The structure of this Unit Standard based Qualification makes the Recognition of Prior Learning possible, if the learner is able to demonstrate competence in the knowledge, skills, values and attitudes implicit in this Marketing Qualification. Recognition of Prior Learning will be done by means of an Integrated Assessment.

This Recognition of Prior Learning may allow:

  • For accelerated access to further learning.
  • Gaining of credits towards a unit standard.All recognition of Prior Learning is subject to quality assurance by the relevant accredited Education, Training, Quality, and Assurance Body and is conducted by a registered workplace assessor. Because the standards are only core and fundamental, these standards may have been acquired in a range of economic sectors and these will be recognizes as appropriate.

Access to Qualification:

There is an open access to this qualification, keeping in mind the “Learning assumed to be in place”.

Open access means that there are few barriers to entry, if candidates have the communication, mathematical literacy and computer skills in place they will be able to be admitted on this programme.

Providers currently accredited to offer these programmes

Don’t trust what this section tells you. SAQA and the SETAs are INCREDIBLY BAD at maintaining the current validity of information on the SAQA website. SAQA will blame SETAs for not sending them the information and SETAs blame SAQA for not uploading information timeously.

Many qualifications don’t list any providers yet when you google the qualification, you find training providers popping up as accredited to deliver it. Go figure!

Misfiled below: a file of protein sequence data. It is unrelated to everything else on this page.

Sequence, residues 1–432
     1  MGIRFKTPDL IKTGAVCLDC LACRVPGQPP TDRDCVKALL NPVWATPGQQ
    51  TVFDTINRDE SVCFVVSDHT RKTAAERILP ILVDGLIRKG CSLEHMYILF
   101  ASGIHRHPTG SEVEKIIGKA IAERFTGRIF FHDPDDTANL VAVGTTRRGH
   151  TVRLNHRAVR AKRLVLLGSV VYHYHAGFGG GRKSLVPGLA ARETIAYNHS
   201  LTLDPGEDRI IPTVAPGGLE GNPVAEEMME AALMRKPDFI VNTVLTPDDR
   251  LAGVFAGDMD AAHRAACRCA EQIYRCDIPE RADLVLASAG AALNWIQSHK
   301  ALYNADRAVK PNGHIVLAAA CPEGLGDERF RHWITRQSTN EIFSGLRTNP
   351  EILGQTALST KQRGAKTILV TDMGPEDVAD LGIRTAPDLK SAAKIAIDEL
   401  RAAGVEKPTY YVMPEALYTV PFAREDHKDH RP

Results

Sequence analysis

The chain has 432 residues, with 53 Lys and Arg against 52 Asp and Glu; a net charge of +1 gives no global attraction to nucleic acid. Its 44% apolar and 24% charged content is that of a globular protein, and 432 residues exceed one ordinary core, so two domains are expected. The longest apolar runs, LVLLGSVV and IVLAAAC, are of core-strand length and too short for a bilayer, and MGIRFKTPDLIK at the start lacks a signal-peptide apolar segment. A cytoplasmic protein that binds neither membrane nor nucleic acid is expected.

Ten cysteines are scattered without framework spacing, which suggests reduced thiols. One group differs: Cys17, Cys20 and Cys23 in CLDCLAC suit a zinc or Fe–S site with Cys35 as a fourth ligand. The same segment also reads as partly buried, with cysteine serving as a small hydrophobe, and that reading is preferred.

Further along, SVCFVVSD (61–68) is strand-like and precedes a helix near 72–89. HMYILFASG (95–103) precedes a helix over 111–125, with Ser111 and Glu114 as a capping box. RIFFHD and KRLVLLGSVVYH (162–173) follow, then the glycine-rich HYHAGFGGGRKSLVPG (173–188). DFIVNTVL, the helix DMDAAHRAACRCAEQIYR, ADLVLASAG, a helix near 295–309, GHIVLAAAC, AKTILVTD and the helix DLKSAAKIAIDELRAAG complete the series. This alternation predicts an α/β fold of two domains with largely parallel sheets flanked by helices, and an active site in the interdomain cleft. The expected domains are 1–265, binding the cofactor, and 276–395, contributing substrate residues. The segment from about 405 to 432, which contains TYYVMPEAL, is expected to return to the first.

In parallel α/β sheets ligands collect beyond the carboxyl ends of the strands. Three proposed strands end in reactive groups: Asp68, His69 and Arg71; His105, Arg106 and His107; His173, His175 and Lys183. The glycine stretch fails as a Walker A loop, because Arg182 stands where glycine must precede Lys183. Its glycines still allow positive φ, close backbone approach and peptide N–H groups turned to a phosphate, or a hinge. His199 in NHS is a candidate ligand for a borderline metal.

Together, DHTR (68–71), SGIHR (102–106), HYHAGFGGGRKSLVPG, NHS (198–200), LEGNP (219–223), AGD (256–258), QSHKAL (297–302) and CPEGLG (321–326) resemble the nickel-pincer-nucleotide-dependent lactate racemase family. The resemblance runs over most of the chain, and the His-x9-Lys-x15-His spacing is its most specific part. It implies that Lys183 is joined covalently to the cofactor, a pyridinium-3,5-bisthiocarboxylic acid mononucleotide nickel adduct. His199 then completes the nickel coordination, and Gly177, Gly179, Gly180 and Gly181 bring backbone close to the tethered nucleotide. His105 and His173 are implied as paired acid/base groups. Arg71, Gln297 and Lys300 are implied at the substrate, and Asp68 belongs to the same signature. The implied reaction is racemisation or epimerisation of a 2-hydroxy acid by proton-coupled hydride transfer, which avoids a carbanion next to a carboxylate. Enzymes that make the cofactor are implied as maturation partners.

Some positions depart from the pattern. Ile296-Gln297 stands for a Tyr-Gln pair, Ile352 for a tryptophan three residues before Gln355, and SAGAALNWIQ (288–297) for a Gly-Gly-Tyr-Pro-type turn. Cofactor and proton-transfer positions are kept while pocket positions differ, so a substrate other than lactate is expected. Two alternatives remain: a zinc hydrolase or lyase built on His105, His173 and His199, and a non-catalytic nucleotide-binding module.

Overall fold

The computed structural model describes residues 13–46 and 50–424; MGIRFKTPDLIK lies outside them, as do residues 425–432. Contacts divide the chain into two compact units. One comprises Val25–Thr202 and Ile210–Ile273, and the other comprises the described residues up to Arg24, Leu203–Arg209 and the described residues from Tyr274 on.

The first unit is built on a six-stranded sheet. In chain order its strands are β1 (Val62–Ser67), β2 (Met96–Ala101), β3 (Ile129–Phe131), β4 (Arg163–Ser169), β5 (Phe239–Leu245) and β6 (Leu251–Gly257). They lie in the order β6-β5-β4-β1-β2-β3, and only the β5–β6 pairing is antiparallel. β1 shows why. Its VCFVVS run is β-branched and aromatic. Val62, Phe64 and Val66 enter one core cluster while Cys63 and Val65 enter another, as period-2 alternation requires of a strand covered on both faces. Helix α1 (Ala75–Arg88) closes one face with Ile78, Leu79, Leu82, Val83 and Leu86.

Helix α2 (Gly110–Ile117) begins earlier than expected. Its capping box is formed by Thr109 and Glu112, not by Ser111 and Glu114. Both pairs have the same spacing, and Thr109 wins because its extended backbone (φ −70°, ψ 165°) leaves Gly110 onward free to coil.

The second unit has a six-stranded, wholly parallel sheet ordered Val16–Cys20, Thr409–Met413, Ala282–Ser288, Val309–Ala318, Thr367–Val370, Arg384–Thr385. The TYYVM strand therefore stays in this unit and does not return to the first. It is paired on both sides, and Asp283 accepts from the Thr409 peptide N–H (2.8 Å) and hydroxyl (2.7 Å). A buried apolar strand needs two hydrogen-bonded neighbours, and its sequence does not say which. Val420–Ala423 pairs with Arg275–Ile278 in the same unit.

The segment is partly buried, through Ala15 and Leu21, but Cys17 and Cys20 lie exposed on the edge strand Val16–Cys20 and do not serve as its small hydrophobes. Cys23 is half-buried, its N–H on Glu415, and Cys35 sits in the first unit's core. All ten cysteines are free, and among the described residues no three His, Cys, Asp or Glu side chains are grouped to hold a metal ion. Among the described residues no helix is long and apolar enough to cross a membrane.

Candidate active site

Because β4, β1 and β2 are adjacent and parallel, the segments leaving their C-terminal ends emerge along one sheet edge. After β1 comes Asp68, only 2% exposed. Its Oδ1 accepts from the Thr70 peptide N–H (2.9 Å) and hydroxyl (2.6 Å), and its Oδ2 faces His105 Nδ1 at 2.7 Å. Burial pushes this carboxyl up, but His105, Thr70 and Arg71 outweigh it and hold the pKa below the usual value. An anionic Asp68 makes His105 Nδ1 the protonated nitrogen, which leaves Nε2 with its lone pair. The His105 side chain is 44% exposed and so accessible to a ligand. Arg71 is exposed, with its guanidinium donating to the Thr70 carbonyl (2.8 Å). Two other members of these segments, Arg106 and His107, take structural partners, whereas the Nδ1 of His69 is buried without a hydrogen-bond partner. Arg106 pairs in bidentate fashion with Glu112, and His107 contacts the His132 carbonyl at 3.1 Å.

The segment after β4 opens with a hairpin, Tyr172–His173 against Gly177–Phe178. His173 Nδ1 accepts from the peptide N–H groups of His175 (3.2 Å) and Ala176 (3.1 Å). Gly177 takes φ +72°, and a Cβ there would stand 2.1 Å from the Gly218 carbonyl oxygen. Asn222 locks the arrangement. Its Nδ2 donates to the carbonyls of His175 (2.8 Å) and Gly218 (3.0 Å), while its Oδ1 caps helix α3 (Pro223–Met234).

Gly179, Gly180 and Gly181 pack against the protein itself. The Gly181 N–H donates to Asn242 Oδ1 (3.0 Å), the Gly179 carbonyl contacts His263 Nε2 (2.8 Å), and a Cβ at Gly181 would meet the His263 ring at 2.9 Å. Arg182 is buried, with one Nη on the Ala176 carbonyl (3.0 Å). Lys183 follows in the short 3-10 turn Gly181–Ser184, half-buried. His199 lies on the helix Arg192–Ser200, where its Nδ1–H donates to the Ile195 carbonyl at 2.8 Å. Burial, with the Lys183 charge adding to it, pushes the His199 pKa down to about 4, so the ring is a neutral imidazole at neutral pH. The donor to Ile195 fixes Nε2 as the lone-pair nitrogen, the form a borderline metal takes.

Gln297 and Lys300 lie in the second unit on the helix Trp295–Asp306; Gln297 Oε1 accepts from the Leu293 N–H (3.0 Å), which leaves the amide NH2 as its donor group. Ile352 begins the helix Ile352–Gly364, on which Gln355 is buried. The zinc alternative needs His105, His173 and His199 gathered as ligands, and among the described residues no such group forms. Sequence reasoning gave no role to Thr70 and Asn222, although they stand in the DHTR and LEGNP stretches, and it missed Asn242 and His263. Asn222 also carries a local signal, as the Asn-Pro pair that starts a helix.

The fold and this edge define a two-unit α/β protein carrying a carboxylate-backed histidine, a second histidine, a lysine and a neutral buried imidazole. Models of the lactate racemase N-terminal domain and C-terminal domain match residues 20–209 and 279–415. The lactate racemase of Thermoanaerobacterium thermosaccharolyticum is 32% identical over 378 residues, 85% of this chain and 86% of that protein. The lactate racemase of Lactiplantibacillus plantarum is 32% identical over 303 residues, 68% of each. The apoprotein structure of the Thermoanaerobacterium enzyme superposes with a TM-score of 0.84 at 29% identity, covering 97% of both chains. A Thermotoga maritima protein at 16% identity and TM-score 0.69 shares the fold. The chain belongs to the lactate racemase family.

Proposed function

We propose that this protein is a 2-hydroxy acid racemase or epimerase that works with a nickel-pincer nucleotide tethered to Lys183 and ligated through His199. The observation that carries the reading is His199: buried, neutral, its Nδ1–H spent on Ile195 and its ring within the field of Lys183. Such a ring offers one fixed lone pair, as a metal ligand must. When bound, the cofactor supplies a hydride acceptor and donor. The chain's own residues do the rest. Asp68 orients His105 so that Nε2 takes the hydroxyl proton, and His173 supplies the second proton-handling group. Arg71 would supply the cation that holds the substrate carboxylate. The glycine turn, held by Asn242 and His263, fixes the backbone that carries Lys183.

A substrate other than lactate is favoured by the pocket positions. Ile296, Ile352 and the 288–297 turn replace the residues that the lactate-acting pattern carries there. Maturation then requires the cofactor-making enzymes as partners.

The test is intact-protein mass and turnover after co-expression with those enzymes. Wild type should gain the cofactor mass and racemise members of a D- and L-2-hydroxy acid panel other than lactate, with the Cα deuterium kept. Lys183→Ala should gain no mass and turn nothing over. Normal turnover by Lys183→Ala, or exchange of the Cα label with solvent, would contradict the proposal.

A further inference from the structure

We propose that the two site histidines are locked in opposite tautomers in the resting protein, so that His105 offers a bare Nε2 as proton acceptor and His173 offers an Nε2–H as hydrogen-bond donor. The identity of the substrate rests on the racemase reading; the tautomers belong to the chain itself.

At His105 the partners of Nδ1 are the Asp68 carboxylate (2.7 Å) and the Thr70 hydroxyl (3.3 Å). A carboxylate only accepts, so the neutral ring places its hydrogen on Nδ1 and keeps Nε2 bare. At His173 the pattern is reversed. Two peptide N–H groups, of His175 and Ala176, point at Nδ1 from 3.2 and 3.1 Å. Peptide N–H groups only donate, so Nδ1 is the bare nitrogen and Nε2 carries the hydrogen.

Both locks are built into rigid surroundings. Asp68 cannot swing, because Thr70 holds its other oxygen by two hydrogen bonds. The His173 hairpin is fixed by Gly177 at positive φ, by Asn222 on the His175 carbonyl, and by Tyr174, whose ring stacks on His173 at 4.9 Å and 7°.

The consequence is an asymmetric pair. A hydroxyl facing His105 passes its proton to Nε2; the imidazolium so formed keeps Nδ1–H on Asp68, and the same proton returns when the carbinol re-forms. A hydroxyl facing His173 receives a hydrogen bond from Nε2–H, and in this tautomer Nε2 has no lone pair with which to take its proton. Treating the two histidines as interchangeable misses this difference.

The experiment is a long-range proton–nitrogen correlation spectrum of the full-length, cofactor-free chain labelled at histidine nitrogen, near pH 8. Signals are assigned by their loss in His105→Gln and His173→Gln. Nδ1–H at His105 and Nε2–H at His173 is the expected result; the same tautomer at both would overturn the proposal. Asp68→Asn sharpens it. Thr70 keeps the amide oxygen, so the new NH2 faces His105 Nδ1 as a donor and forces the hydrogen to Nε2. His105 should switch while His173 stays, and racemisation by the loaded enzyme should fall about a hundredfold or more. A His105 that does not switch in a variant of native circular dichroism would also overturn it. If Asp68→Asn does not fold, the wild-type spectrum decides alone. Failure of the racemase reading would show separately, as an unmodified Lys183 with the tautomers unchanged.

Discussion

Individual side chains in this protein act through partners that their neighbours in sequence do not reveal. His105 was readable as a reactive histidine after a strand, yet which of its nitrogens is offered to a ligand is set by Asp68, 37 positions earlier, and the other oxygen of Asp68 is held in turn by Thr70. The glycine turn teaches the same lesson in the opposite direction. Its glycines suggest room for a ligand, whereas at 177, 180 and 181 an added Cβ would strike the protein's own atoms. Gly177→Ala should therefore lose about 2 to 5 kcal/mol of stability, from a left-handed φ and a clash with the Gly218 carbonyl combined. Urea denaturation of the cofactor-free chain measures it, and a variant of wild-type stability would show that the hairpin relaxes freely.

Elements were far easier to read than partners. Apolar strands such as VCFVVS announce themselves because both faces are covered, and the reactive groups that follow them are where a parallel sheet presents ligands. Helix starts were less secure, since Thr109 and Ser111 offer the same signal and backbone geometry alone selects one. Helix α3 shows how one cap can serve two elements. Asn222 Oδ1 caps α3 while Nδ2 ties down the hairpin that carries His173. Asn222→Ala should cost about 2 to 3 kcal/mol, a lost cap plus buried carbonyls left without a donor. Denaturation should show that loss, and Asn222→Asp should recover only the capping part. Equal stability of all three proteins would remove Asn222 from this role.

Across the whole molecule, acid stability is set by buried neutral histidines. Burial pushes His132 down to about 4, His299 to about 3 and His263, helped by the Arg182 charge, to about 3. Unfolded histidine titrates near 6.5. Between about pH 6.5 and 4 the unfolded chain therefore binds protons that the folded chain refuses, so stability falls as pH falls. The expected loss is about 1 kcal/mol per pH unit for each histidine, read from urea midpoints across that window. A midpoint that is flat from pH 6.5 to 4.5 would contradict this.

However, many qualifications do have this information available. Note who the providers are and then do an online survey of how they offer the qualification. Is it online, is it a public schedule etc… Unpack the different models and then develop your own.

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Applying for Accreditation

You will need to identify which qualifications, skills programmes or unit standards you wish to deliver on as an accredited training provider. Do not apply for accreditation for less than 5 unit standards unless you have identified a powerful niche market need that you can meet.

The fewer programmes you apply for accreditation on, the more narrow your market will be. Applying for a full qualification means that you can deliver that qualification in its entirety or break it apart into shorter skills programmes. In other words, full qualifications offer greater market agility.

If you are new to this formal delivery environment and want to grow slowly but steadily, sure, apply for accreditation on a series of unit standards or skills programmes that are relevant to your particular market.

Just don’t apply for accreditation on one unit standard – not smart at all! You will need to develop the same amount of systems evidence as what you would do for a full qualification. It’s a lot of work and time consuming. Offering one unit standard is simply not feasible for market development and business agility.

Thanks for reading! Please comment below!!!

Read more

SAQA’s policy guide on Quality Management Systems

The simple explanation to ‘What is a Unit Standard?’

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Comments (9)

  1. Francois Meyer

    Good day, how do I determine which seta is the originator of a unit standard? I have a customer who does not want us to conduct training on a qualification, but only on one unit standard, ie basic computer skills ( I have u/s 113836). It is an elective at various seta’s. Do I have to give them training on a core u/s?

    1. Interesting. It looks like that’s a TETA unit standard – check the details in the block at the top of the qualification / unit standard.
      You can provide training against that unit standard, I suspect you need TETA to certify.
      It’s so bizarre for me that a SETA certifies in another SETA’s domain. Hopefully I’m wrong, please let me know! 🙂